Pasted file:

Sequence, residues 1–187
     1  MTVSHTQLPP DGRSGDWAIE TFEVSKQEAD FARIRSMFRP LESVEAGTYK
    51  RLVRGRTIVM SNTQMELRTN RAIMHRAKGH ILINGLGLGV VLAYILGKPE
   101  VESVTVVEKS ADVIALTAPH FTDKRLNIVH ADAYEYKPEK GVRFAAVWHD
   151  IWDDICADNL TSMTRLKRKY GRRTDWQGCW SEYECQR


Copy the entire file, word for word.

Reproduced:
Sequence, residues 1–187
     1  MTVSHTQLPP DGRSGDWAIE TFEVSKQEAD FARIRSMFRP LESVEAGTYK
    51  RLVRGRTIVM SNTQMELRTN RAIMHRAKGH ILINGLGLGV VLAYILGKPE
   101  VESVTVVEKS ADVIALTAPH FTDKRLNIVH ADAYEYKPEK GVRFAAVWHD
   151  IWDDICADNL TSMTRLKRKY GRRTDWQGCW SEYECQR